A novel discourse parser based on support vector machine classification
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A Novel Discourse Parser Based on Support Vector Machine Classification. Source: ACL 2009 Author: David A. duVerle and Helmut Prendinger Reporter: Yong-Xiang Chen. Research problem. Automated annotation of a text with RST hierarchically organized relations To parse discourse

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A Novel Discourse Parser Based on Support Vector Machine Classification

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A novel discourse parser based on support vector machine classification

A Novel Discourse Parser Based onSupport Vector Machine Classification

Source: ACL 2009

Author: David A. duVerle and Helmut Prendinger

Reporter: Yong-Xiang Chen


Research problem

Research problem

  • Automated annotation of a text with RST hierarchically organized relations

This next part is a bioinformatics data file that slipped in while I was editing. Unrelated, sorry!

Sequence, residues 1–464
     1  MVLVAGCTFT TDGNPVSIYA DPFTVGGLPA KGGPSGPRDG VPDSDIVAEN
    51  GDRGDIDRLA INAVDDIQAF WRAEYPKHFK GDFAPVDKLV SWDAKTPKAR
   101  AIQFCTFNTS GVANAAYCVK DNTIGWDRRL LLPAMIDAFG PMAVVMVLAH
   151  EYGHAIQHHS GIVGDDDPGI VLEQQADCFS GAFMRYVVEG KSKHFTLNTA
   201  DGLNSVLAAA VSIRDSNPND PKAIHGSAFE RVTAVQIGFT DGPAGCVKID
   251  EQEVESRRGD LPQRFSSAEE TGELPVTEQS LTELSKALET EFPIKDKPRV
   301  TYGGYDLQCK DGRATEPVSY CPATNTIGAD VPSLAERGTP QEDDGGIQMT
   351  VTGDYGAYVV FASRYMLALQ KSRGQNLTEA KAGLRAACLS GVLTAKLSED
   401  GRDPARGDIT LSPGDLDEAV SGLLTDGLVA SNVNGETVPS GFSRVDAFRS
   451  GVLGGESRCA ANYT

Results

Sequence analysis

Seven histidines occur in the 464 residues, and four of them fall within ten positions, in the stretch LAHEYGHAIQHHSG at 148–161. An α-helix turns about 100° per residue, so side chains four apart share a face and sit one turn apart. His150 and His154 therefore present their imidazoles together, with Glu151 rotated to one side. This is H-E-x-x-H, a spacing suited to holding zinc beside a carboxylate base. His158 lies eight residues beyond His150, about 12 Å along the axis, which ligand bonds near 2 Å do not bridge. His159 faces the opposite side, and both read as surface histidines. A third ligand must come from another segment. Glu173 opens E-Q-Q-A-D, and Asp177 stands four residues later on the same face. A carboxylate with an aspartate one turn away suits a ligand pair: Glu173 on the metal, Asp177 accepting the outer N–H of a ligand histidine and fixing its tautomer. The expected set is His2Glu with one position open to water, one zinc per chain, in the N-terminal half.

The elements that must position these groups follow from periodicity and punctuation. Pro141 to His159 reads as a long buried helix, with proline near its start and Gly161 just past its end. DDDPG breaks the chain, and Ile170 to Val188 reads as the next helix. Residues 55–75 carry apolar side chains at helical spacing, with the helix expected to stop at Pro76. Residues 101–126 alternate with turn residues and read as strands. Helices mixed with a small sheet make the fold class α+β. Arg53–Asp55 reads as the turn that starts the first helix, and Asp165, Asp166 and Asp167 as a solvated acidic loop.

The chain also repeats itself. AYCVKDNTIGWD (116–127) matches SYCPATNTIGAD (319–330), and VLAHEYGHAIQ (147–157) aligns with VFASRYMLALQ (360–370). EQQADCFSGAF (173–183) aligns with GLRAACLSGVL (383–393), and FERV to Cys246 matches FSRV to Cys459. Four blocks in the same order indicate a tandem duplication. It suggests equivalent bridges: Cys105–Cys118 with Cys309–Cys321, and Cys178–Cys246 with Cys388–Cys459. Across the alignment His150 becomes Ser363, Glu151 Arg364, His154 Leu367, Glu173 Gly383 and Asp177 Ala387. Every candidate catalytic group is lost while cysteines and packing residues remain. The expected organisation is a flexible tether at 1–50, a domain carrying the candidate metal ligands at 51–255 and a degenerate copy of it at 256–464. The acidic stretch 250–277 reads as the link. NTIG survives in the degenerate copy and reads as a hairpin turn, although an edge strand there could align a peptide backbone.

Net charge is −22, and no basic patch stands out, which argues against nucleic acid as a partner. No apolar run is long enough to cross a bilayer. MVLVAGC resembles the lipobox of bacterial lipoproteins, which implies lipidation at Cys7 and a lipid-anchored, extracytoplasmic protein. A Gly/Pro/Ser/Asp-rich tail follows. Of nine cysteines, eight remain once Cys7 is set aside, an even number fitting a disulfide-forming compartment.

• To parse discourse

    • Within the framework of Rhetorical Structure Theory (RST)

    • Produce a tree-like structure

    • Based on SVM


Rhetorical structure theory rst

Rhetorical Structure Theory (RST)

  • Mann and Thompson (1988)

  • A set of structural relations to composing units (‘spans’) of text

    • 110 distinct rhetorical relations

    • Relations can be of intentional, semantic, or textual nature

  • Two-step process (This study focus on step 2)

    • Segmentation of the input text into elementary discourse units (‘edus’)

    • Generation of the rhetorical structure tree

      • the edus constituting its terminal nodes


A novel discourse parser based on support vector machine classification

  • Edus:

    • Nucleus

      • relatively more important part of the text

    • Satellite

      • subordinate to the nucleus, represents supporting

      • information

out-going arrow

satellite

nucleu

satellite

nucleu


Research restriction

Research restriction

  • A sequence of edus that have been segmented beforehand

  • Use the reduced set of 18 rhetorical relations

    • e.g.: PROBLEM-SOLUTION, QUESTION-ANSWER, STATEMENT-RESPONSE, TOPIC-COMMENT and COMMENT-TOPIC are all grouped under one TOPIC-COMMENT relation

  • Turned all n-ary rhetorical relations into nested binary relations

    • e.g.: LIST relation

  • Only adjacent spans of text can be put in relation within an RST tree (‘Principle of sequentiality’ (Marcu, 2000)